• Nov 1, 2006
If you're undecided what movie to check out next, you could pick one based not on who's the star or what the story is, but on how clean the film is. No, I'm not talking about anything the MPAA has to say, but about a movie's carbon footprint. Carbon-neutral films have been making their way to theaters and video store shelves for a while now. Some are well known - like "An Inconvenient Truth," "The Day After Tomorrow" and "Syriana" – but the new independent movie "Sweet Land" is also carbon neutral and the story has nothing to do with the environment.

"Sweet Land" writer and director Ali Selim said the movie cost $1 million to make and the filming process emitted 8,000 tons of carbon. This sounds like a lot, but it could have been a lot higher. Selim asked his cast and crew be conscious of their emissions during filming (actors were asked to carpool to the filming locations, for example) and the technical process used as little energy as possible (e.g., using sunlight instead of film lights). The hard work of then making sure the film was carbon neutral was the responsibility of Selim's wife, Robin, who added up "every mile driven by every vehicle, every gas receipt ... every airline ticket, every actor who traveled, every pound of film," Ali told Reuters. To offset the 8,000 tons of CO2 the film's production sent into the air, the filmmakers invested $10,000 in a German reforestation project and windmills and compact fluorescent lighting in Jamaica.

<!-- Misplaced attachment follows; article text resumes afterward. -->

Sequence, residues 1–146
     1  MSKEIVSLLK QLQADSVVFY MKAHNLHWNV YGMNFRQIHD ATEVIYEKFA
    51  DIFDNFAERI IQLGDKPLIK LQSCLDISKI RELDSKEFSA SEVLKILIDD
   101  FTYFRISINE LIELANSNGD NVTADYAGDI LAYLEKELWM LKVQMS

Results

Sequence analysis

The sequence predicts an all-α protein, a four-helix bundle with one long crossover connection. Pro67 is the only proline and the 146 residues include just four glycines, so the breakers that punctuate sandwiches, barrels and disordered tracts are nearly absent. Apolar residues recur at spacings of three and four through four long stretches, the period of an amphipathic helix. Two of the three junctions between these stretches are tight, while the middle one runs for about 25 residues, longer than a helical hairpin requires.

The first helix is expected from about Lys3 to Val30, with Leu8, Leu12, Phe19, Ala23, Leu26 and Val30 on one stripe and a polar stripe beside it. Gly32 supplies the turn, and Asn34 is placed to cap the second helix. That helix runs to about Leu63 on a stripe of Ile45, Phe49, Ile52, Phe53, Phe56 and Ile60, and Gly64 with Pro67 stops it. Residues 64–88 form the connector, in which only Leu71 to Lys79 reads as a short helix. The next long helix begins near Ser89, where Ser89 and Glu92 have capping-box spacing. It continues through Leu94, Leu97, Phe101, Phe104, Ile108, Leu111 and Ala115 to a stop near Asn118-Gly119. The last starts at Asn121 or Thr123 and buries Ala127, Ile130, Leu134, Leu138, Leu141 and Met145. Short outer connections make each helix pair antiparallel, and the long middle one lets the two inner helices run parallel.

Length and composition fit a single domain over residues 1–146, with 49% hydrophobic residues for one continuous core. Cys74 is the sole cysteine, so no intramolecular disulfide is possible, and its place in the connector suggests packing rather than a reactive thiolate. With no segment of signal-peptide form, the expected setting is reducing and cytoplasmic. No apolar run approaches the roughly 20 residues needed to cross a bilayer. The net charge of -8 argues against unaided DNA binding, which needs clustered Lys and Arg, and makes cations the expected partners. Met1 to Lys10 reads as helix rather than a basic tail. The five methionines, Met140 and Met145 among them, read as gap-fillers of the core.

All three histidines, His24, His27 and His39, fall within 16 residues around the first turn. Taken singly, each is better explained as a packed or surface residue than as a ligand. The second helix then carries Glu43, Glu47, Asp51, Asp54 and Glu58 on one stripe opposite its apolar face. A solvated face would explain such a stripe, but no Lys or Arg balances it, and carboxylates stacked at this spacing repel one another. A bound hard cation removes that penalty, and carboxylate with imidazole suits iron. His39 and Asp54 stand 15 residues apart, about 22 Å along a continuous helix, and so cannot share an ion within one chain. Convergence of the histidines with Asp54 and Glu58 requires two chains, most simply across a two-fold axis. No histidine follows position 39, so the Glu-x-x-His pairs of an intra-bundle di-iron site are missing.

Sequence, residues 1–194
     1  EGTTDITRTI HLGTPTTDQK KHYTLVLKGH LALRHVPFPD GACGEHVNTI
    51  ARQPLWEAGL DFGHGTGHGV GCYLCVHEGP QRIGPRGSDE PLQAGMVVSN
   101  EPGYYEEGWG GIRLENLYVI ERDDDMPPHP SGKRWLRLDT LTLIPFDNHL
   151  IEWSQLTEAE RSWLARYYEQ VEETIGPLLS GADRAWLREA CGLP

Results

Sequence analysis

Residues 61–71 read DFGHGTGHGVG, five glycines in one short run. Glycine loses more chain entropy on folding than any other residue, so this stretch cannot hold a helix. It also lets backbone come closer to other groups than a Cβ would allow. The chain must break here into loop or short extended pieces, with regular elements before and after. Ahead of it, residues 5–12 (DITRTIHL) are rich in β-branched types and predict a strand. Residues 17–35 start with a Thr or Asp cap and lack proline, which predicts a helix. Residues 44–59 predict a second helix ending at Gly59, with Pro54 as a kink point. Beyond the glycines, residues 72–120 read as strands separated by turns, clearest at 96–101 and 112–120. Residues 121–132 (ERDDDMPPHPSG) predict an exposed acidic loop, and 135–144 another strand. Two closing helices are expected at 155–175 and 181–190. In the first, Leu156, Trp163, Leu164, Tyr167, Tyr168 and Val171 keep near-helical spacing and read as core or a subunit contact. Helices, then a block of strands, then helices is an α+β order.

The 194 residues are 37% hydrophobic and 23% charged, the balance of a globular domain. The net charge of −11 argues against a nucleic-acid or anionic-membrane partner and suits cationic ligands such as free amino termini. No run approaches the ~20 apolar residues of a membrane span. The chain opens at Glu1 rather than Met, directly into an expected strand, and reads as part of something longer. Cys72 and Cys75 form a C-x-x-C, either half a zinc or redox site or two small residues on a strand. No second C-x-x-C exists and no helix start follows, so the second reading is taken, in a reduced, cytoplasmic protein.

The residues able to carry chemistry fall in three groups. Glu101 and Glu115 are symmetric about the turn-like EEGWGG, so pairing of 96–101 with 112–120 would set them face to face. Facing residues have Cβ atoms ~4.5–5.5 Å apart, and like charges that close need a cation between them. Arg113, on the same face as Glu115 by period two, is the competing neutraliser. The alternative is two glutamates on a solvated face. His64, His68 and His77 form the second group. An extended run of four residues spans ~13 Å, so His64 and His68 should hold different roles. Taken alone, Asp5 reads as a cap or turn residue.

[Source: Reuters / Deborah Zabarenko via Planet Ark]


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